Major CRE Players Fuel Proptech Funding Boom Aimed At Hybrid, Remote Workers
The proptech boom reached record funding levels last year, fueled by venture capitalists investing in flex office technologies as they search for ways to entice workers back into offices.
New data published by PitchBook shows venture investors pumped $20.5B into the global proptech market last year across 974 deals, roughly $7.5B of which came through funding rounds backed by real estate investors, also a record high.
The cash outpouring was fueled by major players in commercial real estate like CBRE, JLL, Cushman & Wakefield and Nuveen Real Estate, all of which are looking ahead to capture hybrid or remote workers in a post-pandemic world.
"This is the most seismic change in working since the industrial revolution," Roelof Opperman, partner and co-head of the Europe team at venture capital firm Fifth Wall, told Pitchbook.
Coworking operators especially benefited from the fire hose of money aimed at tech-first property managers: Industrious, a New York-based flex office operator, raised $200M in equity from CBRE last year. This year already, WeWork has returned to expansion mode for the first time since its IPO flop and CEO switch, acquiring Texas-based Common Desk.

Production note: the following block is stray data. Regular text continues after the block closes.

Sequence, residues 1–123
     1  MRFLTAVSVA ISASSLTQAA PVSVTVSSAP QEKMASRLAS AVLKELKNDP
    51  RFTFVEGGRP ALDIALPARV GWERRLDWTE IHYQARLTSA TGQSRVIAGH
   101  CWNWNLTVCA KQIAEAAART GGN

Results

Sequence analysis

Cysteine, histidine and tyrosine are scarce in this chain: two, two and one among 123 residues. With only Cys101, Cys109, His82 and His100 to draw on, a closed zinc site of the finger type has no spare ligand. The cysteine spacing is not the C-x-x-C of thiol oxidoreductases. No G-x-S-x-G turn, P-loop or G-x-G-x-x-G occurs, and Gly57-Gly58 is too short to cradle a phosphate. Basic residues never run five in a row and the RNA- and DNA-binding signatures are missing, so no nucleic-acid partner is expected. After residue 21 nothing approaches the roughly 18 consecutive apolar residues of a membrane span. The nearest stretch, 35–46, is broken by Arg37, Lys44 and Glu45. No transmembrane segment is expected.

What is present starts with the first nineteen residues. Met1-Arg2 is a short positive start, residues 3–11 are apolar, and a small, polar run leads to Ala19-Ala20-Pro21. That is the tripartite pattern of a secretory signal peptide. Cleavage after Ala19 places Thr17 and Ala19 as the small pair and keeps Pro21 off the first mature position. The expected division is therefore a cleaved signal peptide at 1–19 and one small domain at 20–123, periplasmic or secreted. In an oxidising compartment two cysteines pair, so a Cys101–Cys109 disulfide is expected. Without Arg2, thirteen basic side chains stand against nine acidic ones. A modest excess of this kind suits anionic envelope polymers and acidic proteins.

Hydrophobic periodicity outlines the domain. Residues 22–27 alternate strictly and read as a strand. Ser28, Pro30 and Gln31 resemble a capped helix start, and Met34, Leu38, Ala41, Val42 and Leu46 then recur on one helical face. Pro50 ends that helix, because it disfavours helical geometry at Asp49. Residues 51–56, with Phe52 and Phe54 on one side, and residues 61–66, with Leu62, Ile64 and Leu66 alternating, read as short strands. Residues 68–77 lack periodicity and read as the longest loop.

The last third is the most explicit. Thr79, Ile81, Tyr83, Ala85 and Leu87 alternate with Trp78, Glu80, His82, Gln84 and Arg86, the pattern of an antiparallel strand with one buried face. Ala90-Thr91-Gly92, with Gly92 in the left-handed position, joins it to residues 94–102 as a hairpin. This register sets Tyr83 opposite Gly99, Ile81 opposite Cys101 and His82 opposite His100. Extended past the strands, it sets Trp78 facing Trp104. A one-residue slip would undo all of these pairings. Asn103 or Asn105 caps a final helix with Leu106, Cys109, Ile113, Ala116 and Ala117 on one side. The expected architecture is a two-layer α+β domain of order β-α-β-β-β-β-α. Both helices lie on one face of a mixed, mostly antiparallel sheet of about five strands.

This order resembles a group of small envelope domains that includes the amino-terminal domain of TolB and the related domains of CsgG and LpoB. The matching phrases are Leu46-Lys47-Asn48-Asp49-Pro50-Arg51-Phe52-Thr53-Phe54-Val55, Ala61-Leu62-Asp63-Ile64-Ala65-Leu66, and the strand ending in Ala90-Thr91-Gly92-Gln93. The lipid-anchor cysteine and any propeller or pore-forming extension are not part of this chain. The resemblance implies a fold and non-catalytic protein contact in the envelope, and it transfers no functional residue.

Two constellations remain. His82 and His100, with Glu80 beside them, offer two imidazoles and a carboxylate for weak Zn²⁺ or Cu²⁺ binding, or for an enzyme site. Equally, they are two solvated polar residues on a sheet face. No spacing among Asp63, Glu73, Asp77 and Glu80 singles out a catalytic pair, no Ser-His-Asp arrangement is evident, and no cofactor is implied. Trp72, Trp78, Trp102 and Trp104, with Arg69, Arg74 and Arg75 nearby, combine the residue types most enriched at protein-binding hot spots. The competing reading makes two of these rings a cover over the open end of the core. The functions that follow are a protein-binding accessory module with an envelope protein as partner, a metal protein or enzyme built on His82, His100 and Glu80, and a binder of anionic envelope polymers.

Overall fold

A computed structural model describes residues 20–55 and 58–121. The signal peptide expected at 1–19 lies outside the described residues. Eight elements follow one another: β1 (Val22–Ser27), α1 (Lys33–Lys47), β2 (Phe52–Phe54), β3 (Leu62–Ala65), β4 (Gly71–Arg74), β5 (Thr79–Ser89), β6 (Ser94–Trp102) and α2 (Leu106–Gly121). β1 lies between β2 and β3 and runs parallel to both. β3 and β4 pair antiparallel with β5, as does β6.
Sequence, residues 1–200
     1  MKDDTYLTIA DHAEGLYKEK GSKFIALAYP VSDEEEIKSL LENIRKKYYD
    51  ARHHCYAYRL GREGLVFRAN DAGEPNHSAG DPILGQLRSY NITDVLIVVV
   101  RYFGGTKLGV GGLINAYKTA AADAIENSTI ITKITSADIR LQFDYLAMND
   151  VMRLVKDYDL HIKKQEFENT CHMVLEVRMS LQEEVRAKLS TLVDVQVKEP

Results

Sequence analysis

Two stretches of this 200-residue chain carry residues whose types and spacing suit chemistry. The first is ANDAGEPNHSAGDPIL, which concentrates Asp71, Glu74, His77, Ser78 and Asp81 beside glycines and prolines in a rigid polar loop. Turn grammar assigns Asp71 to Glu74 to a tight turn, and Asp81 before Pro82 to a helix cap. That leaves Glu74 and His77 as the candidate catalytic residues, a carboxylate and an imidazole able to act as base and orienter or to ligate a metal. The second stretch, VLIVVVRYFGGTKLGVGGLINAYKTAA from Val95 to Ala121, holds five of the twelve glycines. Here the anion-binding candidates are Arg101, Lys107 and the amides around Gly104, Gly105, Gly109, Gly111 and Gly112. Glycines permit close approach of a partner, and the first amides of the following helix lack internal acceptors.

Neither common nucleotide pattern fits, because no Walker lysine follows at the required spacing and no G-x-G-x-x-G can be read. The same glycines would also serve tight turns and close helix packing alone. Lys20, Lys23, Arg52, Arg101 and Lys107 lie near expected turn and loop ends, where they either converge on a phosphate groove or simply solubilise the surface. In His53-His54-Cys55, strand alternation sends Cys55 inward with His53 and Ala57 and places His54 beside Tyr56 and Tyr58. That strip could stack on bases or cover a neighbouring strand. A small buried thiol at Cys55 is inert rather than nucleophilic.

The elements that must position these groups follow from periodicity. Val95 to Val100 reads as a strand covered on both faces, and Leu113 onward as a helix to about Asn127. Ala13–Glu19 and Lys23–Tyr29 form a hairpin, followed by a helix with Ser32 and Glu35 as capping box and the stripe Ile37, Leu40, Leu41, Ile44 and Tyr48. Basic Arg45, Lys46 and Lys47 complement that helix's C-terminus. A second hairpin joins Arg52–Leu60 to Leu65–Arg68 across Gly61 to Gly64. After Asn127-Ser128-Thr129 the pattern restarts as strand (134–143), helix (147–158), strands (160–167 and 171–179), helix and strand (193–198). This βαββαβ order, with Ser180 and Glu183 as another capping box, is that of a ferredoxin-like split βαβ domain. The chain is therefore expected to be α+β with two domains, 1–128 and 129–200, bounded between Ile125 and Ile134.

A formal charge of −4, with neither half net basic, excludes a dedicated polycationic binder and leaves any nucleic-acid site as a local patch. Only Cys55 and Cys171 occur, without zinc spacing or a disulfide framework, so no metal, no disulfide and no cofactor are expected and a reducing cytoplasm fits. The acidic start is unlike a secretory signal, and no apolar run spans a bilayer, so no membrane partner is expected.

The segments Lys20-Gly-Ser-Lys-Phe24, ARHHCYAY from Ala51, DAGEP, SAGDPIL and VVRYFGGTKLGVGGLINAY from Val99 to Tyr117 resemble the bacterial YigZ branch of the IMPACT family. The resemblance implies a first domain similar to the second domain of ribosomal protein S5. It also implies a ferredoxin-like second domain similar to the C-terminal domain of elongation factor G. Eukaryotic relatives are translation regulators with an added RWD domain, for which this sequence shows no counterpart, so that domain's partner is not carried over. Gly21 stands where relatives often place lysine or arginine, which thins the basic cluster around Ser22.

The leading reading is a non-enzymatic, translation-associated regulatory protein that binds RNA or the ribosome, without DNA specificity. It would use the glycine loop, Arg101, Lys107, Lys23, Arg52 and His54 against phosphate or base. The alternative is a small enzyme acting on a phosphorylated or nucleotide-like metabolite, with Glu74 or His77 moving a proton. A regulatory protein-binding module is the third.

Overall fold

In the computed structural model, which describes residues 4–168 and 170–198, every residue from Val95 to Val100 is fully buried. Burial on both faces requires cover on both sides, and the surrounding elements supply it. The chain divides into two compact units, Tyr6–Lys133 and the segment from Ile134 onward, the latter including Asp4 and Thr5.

Office return technology has also drawn its fair share of investment: Envoy, an app that tracks worker health and office comings and goings, raised a $111M Series C round led by Brookfield's venture investment arm this month.
PitchBook's latest numbers match up with other measures that have found investment increased considerably since the pandemic first began. Total private investment hit $32B last year, a 3.23% increase from 2019 and a 28% increase from pandemic-wracked 2020, according to the Center for Real Estate Technology & Innovation's 2021 Real Estate Tech Venture Funding Report.
Use of proptech is rapidly becoming the norm among CRE firms as the industry sees a "maturation of the proptech startup landscape,” JLL Spark Managing Partner Raj Singh told Bisnow last year.
The number of companies offering property technology across the built environment has increased 300%, according to JLL.